Firefighters continue battling destructive blazes in California

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Raymond Vasquez, a firefighter with Wildfire Defense Systems, extinguishes hot spots in the Lakehead-Lakeshore community of unincorporated Shasta County, Calif., as the Salt Fire burns nearby on Friday, July 2, 2021. (AP Photo/Noah Berger)

Raymond Vasquez, a firefighter with Wildfire Defense Systems, extinguishes hot spots in the Lakehead-Lakeshore community of unincorporated Shasta County, Calif., as the Salt Fire burns nearby on Friday, July 2, 2021. (AP Photo/Noah Berger)

Californians celebrating the Fourth of July have been warned against illegal fireworks and untended campfires as firefighters battle blazes that have destroyed homes in the tinder-dry state where the risk of more wildfires is high.

The three largest fires are burning in Northern California near Mount Shasta, about an hour from the Oregon state line.

The greatest threat came from the Salt Fire, which broke out Wednesday near a highway and destroyed 41 buildings, including 27 homes, in a rural area north of Redding. As of Sunday morning, it had grown to more than 14 square miles (36 square kilometers) and was 15% contained.

Authorities suspect the fire started from a hot piece of metal that flew off a car or truck on Interstate 5. They haven’t found the vehicle.

Some residents were allowed to return home Saturday but evacuation orders and warnings remain in place for several rural communities, Shasta-Trinity National Forest officials said.

The area could see triple-digit temperatures on Sunday.

Fire officials said hot weather and parched brush made perfect conditions for the kinds of disasters that have destroyed thousands of square miles of land in recent years, mainly in rural and forest areas.

California’s largest blaze, the Lava Fire burning partly on the flanks of Mount Shasta, was 39% contained Sunday after burning more than 38 square miles (100 square kilometers). The blaze, sparked by a lightning strike June 25, forced several thousand people from their homes, but most of them were allowed to return late Thursday.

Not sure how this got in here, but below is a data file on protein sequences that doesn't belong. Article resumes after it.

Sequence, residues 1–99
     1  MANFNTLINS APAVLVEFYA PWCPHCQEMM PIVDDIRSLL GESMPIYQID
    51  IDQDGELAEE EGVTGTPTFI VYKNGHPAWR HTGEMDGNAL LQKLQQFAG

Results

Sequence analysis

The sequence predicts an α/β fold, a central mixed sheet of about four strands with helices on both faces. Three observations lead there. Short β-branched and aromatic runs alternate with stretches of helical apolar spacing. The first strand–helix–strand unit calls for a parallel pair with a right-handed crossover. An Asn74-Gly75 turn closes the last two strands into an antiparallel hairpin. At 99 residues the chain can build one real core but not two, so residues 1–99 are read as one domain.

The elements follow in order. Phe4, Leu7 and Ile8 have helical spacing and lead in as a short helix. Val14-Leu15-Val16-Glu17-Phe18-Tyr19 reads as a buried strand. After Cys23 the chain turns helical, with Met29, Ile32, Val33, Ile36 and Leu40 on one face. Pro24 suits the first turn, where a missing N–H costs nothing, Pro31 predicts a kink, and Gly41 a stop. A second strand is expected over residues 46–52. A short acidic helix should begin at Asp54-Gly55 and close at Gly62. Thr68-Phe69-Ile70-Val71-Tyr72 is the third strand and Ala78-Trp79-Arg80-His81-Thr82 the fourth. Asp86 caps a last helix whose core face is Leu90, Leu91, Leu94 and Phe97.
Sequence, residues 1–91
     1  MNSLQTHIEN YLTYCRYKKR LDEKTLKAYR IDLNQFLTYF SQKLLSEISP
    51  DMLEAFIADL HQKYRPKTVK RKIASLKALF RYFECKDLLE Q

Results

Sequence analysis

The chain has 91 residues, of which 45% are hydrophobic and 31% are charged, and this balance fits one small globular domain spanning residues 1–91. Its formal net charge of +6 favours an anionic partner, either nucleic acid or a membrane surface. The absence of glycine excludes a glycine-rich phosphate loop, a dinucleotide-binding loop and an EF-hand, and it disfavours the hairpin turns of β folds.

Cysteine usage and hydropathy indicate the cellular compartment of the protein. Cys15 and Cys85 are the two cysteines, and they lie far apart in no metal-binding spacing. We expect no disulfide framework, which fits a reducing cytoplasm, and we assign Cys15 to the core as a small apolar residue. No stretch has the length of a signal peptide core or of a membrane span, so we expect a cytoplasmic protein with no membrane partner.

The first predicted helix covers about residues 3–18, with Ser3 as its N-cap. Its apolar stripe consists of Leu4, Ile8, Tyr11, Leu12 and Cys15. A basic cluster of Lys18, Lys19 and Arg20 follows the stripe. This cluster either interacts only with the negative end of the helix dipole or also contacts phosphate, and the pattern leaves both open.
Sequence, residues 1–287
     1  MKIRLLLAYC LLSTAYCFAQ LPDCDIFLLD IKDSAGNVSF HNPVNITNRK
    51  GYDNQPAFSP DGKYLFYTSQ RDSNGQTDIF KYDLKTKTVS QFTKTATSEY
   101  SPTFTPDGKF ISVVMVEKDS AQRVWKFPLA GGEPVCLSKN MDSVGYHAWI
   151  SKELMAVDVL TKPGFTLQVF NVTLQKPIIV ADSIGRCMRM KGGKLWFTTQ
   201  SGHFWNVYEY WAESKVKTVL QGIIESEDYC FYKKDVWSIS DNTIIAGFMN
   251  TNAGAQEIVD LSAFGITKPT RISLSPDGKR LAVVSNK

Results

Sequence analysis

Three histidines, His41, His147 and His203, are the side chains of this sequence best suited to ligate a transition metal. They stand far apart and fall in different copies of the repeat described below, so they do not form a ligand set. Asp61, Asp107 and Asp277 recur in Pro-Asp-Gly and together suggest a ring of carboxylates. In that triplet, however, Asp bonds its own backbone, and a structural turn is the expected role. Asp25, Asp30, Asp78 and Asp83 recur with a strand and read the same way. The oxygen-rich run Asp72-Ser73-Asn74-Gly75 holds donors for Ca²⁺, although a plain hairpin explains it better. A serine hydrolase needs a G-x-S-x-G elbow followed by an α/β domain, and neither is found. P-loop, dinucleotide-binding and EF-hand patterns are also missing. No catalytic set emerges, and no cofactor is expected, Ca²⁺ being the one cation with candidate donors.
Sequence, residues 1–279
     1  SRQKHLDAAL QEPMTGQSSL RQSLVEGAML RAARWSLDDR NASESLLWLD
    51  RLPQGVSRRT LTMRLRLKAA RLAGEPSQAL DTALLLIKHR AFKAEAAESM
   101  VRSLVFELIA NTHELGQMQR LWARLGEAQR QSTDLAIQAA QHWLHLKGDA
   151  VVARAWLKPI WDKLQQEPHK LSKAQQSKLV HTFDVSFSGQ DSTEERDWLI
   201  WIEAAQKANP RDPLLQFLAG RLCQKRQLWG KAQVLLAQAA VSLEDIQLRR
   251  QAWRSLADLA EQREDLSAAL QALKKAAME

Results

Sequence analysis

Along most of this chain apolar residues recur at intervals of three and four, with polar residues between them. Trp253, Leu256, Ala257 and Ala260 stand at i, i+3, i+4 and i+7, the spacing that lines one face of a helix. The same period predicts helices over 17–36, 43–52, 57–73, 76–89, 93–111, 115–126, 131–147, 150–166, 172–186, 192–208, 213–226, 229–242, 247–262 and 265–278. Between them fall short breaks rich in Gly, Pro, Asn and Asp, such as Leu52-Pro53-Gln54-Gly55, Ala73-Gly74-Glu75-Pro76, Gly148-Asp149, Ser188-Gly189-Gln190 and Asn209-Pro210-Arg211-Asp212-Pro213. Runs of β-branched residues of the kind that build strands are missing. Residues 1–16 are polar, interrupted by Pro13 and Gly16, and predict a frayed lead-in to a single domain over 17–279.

Still, officials at a community meeting Saturday acknowledged the frustration and asked for patience, saying they don’t want to let people back in and have flames spread quickly.

“The concern is repopulating too soon and having this be aggressive,” Siskiyou County Sheriff Jeremiah LaRue said.

To the northeast, the Tennant Fire in the Klamath National Forest, has burned five buildings, including two homes, and threatened several hundred more. It grew slightly overnight to more than 16 square miles (41 square kilometers). But officials reported progress and the fire was 29% contained early Sunday.

Mop-up began on the western flank while flames remained active on the east side, where evacuation orders and warnings are still in place.

The trio of blazes were among more than a dozen wildfires that erupted in recent days in the midst of hot, dry conditions usually seen in August, fire officials said.

In Southern California, evacuations were ordered after a wildfire broke out and grew rapidly Sunday near an off-road vehicle park in Gorman, about an hour northwest of downtown Los Angeles.

National parks put out renewed calls for people to heed restrictions on campfires and other fire risks during the holiday weekend.

Klamath National Forest officials said below-average winter rainfall and recent record-high temperatures “mean that one single spark can start a wildfire.” Visitors were warned not to drive or park on dry grass or brush because hot exhaust pipes and mufflers could torch them.

Last year, California wildfires scorched more than 6,562 square miles (17,000 square kilometers) of land, the most in its recorded history.

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